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Source : PxHere
May 22, 2023
Author : Alex Bustillos and Patty Allen
The US and China have been at loggerheads for years now, and both Washington and Beijing are engaging in a game of one-upmanship that is impacting global politics and internal policies as well.
The Belt and Road Initiative (BRI), unveiled by Chinese President Xi Jinping in 2013, is a pivotal program to expand its diplomatic and economic presence. The BRI has funded bridges, ports, power plants, trains, tunnels, and 5G networks across the Global South to $50 billion to $100 billion every year.
The BRI presently encompasses 139 nations, accounting for 63 percent of the world's population and 40 percent of global GDP. The BRI-supported significant projects that have been completed span from a railway in Kenya to a port in Pakistan.
Meanwhile, in the recently concluded G7 Summit, President Biden announced the Partnership for Global Infrastructure and Investment (PGII) to compete with China's global infrastructure initiatives.
President Biden stated, “I’m proud to announce the United States will mobilize $200 billion in public and private capital over the next five years.”
The G7 governments and investors hope to put in $600 billion in low- and middle-income nations over the next five years through the PGII, with the US contributing $200 billion.
Some argue that the PGII is simply a rebranding of the Build Back Better World (B3W) effort, announced at the G7 Summit last year. As per the PGII, officials say the funding will be a 1-to-10 public-private funding ratio, but in reality, it could become a 1-to-1 ratio.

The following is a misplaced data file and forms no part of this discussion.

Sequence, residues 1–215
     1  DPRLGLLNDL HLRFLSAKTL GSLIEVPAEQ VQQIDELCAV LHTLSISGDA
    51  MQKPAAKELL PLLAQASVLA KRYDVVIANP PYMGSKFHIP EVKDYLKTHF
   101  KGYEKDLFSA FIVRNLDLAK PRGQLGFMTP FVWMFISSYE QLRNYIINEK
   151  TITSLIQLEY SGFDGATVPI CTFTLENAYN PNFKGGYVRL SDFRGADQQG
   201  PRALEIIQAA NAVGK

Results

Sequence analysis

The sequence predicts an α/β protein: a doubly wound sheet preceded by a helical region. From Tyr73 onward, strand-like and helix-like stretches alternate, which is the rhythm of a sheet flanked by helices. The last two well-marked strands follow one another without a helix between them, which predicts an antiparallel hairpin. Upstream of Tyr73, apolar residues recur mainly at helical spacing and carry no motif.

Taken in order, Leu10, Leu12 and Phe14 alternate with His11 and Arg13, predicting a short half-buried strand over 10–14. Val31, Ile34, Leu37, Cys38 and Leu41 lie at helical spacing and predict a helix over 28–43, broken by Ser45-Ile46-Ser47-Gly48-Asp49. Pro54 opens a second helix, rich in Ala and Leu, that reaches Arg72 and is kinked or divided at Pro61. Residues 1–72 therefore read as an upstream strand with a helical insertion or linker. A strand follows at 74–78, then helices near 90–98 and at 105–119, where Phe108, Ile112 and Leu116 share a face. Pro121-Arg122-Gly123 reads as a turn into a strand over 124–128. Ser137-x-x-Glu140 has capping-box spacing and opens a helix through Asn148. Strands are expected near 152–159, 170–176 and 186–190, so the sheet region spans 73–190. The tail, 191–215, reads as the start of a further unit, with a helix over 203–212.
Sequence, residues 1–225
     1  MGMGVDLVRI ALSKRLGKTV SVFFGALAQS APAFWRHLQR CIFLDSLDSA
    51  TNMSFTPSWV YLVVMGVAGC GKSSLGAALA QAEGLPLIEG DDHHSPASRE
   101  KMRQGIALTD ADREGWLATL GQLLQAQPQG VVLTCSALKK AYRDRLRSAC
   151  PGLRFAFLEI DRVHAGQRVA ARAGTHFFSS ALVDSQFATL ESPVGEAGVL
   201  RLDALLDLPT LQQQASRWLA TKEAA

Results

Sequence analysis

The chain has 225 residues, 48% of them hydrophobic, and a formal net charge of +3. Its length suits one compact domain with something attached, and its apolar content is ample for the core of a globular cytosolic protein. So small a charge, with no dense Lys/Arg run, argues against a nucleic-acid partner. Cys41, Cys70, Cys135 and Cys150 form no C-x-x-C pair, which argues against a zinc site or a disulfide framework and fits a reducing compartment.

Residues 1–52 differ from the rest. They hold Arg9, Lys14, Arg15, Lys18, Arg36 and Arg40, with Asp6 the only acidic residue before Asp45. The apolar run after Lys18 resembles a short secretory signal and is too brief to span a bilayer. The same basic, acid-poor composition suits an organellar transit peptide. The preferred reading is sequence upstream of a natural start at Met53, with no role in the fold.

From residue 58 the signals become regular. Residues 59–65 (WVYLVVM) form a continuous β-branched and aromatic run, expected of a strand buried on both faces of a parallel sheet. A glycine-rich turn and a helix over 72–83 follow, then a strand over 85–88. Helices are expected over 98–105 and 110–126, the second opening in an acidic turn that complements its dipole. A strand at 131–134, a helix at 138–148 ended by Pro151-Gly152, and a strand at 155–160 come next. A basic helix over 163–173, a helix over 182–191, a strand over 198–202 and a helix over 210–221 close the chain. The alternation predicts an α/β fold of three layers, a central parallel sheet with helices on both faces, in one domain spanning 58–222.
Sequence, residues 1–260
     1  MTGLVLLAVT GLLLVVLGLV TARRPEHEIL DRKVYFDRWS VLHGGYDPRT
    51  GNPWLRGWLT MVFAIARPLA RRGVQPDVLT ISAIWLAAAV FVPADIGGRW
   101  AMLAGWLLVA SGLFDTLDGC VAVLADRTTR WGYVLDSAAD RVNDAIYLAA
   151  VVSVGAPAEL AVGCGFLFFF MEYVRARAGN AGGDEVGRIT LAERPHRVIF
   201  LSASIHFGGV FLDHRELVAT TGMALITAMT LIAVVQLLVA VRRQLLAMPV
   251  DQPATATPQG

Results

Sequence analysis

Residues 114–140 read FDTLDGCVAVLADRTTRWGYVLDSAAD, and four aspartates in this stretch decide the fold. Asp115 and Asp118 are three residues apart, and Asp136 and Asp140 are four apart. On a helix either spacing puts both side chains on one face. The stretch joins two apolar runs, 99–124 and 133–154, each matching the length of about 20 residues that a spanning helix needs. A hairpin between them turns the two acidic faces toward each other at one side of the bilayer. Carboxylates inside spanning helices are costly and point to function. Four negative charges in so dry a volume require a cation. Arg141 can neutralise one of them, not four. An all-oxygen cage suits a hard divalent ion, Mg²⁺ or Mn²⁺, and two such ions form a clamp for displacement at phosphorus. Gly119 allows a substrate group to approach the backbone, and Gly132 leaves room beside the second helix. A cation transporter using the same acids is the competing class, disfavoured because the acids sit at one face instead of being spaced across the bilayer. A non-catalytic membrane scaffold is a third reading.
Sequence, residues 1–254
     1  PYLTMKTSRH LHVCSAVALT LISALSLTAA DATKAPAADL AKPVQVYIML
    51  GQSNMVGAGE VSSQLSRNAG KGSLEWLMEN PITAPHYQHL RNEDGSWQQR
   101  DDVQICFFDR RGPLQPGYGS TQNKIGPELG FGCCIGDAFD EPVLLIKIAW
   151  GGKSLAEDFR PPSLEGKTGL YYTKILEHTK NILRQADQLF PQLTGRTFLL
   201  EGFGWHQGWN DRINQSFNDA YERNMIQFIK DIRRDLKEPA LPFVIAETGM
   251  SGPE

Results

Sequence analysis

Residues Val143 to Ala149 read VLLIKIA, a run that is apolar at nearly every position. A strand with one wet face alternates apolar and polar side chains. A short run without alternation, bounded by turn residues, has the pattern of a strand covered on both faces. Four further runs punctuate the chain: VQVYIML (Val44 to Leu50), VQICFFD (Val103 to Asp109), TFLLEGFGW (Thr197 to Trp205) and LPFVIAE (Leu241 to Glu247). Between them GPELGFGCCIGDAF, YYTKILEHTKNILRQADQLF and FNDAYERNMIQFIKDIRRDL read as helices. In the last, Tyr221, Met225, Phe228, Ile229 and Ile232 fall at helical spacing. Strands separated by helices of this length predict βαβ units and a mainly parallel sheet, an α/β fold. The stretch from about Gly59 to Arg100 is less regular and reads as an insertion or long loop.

Inside the US, consumer expectation is rapidly changing, and it's becoming difficult for existing infrastructure to keep pace. This is one reason President Biden signed the bipartisan Infrastructure Investment and Jobs Act into law in 2021, and the funds are being distributed across several verticals, including high-speed internet and public transportation. Yet, is it enough?
China has funneled $2.3 trillion into scaling its infrastructure in 2022. China intended to invest that sum in the course of a year alone. In comparison, the United States $1.2 trillion infrastructure investment is supposed to be distributed over five years.
This investment discrepancy is troubling. While some manufacturers are planning to move away from China due to recent reshoring trends, the United States has been upfront about its desire to welcome these companies. However, to do that successfully, the United States must be equipped with the funds and infrastructure required to support an influx of manufacturing operations.
Improvements must be made across several US transportation networks, including air, ocean, and rail. However, roads and bridges are arguably the country’s most pressing concern. Roads are not only the most used transportation method across the United States but also the most outdated.
It can be difficult to move across many of the nation’s highways without encountering traffic jams caused by overcrowding and poor road surface conditions.
Despite these problems, only a significantly small portion of the $1.2 trillion earmarked for infrastructure improvements has been allocated to improving the nation’s roads and bridges.
According to the American Road & Transportation Builders Association, across all 50 American states, at least one in three bridges requires repair. Therefore, addressing these pressing concerns should be a priority for the White House.
CEO Bill Dunavant of Dunavant Enterprise said, “As an American, I want our country to always be ahead of the competition. We can’t build roads and only think 10 years out. We have to be thinking at least 25-50 years ahead.”
While the U.S. has spent billions of dollars on wars and proxy wars in Afghanistan, Iraq, Libya, Syria, and Ukraine, China has meticulously built up its transportation infrastructure. Instead of sabre rattling over Taiwan, American and Chinese officials should be focused on dialogue and healthy competition. Any future war would be catastrophic for all involved.